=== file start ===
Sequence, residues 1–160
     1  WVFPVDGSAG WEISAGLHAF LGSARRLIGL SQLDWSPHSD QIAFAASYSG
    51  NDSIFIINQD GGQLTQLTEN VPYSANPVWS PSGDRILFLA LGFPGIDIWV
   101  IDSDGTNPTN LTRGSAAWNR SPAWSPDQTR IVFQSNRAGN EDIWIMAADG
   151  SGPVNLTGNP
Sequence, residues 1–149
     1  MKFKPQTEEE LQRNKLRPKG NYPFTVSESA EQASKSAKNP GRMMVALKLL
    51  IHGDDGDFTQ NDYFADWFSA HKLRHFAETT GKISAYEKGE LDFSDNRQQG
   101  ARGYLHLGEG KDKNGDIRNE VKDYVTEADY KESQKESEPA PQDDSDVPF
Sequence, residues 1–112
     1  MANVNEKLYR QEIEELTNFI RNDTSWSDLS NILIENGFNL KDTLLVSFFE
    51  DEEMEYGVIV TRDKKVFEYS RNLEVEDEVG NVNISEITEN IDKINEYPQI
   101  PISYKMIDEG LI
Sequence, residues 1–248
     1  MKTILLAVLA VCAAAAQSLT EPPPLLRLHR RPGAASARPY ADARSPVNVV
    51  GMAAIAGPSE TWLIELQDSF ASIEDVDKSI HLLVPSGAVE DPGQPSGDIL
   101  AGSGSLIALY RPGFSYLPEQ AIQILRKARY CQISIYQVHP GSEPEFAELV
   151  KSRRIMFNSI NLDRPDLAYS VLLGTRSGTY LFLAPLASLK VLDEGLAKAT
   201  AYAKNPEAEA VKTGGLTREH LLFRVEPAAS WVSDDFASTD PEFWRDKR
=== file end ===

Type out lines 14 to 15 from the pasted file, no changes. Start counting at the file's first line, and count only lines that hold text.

Sequence, residues 1–248
     1  MKTILLAVLA VCAAAAQSLT EPPPLLRLHR RPGAASARPY ADARSPVNVV